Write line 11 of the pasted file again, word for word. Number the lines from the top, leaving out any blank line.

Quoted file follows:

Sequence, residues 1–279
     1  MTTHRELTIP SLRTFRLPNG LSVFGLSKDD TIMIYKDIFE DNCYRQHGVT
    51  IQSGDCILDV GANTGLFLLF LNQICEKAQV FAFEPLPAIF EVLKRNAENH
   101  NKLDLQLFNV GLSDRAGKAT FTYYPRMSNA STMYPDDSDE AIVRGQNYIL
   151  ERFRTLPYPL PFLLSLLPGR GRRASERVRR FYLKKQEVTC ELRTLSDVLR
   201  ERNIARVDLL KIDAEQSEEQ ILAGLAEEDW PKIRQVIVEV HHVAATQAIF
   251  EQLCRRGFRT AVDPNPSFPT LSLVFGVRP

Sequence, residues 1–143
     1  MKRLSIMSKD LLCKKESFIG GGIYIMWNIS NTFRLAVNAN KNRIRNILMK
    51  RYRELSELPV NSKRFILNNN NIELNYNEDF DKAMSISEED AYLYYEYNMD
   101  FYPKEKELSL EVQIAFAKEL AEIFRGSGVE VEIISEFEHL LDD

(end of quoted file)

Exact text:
   101  FYPKEKELSL EVQIAFAKEL AEIFRGSGVE VEIISEFEHL LDD